Fashion, as always, evolved. A slightly flared trouser morphed into bell-bottoms. Brighter colors and busy prints gave way to rainbows and paisley. By 1966, Carnaby Street was in full psychedelic mode. This new romantic way of dressing was heavily influenced by different eras of vintage fashion. The boutique I Was Lord Kitchener’s Valet was an instant success selling nineteenth century military jackets, fur coats, and Victorian paraphernalia. London’s old guard was incensed by the resale of respectable military garments to brash young teenagers, but their opinions hadn’t a chance against Mick Jagger who wore a V​alet​tunic on music’s hottest show, “R​eady, Steady, Go.​” The next morning, one-hundred people were lined up at the door, and the shop was sold out by midday.

A young man tries on the military style at I Was Lord Kitchener’s Valet, photo by Paul Townsend from Bristol, UK via Wikimedia Commons.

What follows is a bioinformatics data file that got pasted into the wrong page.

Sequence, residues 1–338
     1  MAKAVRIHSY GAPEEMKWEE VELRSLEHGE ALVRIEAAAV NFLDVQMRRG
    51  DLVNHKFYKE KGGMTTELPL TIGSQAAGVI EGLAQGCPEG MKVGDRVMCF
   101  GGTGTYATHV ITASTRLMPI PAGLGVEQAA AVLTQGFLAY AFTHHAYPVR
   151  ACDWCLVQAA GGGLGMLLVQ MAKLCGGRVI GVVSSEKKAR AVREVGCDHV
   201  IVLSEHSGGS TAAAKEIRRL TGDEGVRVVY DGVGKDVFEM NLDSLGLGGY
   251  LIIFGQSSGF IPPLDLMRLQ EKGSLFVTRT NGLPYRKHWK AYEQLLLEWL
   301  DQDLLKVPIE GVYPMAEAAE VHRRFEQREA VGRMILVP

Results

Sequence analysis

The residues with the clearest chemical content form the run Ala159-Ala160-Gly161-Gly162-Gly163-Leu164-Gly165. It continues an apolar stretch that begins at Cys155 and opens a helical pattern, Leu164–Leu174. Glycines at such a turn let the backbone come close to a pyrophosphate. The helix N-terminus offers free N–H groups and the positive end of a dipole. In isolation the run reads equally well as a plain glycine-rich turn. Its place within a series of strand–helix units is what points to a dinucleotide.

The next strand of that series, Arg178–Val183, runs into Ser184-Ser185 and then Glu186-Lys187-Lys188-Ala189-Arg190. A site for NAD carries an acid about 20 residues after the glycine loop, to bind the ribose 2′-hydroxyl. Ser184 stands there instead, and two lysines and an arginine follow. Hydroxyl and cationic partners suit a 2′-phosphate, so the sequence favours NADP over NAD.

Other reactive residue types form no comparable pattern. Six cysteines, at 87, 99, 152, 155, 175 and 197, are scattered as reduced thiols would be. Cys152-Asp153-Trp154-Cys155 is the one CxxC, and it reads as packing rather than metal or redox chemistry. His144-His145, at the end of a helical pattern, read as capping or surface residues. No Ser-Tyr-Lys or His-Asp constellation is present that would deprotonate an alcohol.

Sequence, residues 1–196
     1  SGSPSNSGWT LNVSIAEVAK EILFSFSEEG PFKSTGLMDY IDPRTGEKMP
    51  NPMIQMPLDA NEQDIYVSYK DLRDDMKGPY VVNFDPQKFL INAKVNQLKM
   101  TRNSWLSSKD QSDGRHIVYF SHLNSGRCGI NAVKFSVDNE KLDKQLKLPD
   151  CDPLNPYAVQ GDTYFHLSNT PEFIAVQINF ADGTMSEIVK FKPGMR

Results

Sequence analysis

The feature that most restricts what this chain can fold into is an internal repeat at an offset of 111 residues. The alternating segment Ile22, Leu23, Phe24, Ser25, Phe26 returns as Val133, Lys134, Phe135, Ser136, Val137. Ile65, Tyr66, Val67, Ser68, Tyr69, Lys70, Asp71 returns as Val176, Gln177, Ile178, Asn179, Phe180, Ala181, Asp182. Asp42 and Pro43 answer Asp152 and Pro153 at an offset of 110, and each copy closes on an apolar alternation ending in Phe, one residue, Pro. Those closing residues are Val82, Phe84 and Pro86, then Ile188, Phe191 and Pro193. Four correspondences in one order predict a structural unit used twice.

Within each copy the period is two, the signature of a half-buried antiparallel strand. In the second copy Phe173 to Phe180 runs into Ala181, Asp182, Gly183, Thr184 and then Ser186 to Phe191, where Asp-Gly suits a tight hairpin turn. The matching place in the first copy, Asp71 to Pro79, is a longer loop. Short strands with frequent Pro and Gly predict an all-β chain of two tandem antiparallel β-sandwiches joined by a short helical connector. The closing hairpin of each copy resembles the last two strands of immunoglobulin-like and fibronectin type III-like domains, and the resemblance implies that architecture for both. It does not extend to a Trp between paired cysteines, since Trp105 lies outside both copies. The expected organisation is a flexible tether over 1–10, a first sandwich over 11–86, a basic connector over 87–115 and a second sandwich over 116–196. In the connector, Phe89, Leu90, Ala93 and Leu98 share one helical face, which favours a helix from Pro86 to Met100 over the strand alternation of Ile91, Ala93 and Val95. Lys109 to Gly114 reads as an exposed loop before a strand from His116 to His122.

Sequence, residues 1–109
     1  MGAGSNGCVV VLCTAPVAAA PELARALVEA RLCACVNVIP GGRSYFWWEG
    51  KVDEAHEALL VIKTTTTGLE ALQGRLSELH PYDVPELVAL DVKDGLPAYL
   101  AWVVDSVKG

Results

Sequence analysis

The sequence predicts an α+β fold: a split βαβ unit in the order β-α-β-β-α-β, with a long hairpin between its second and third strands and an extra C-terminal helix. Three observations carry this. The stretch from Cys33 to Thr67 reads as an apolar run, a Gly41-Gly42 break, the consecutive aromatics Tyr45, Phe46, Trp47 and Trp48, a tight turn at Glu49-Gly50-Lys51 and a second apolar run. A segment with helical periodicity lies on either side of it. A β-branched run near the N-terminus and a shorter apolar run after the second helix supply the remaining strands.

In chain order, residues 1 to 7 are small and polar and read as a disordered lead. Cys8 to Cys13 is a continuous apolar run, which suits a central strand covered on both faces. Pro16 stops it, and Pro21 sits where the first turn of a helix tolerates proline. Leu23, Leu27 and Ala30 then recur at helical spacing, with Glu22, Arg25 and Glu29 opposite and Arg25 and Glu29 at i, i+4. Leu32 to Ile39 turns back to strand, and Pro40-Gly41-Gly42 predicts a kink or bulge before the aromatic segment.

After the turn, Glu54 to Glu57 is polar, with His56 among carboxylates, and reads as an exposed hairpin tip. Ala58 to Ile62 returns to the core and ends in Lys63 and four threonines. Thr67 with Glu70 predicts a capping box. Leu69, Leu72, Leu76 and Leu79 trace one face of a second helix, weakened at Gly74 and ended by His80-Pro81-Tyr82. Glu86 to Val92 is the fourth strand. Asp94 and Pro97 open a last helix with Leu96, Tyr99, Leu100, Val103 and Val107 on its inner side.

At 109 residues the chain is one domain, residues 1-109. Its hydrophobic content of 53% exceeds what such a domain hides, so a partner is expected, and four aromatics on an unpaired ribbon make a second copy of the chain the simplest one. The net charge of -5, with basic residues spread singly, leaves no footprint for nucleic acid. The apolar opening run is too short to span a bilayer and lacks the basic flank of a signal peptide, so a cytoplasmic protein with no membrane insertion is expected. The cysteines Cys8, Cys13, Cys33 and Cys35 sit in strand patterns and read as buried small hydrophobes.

Cool Kids in King’s Road

Although Carnaby Street was the nucleus of the London scene in 1966, it had become overrun with tourists due to L​IFE magazine’s April article glorifying “Swinging London.” While the street still thrived, independent designers were moving to other parts of London. A quick jaunt over to King’s Road was essential for trips to Quorum, Biba, Bazaar, and Granny Takes a Trip. Granny was another boutique that had originated selling antique clothing found at street markets. When the shop sold out on their first Saturday in business, owners Sheila Cohen, Nigel Waymouth, and tailor John Pearse scrambled to design and manufacture their own stock. Granny created a romantic, antique look, incorporating Victorian lace, William Morris prints, and Art Nouveau details.

In 2012 the British government issued a
Royal Mail stamp celebrating fashion from
Granny Takes A Trip.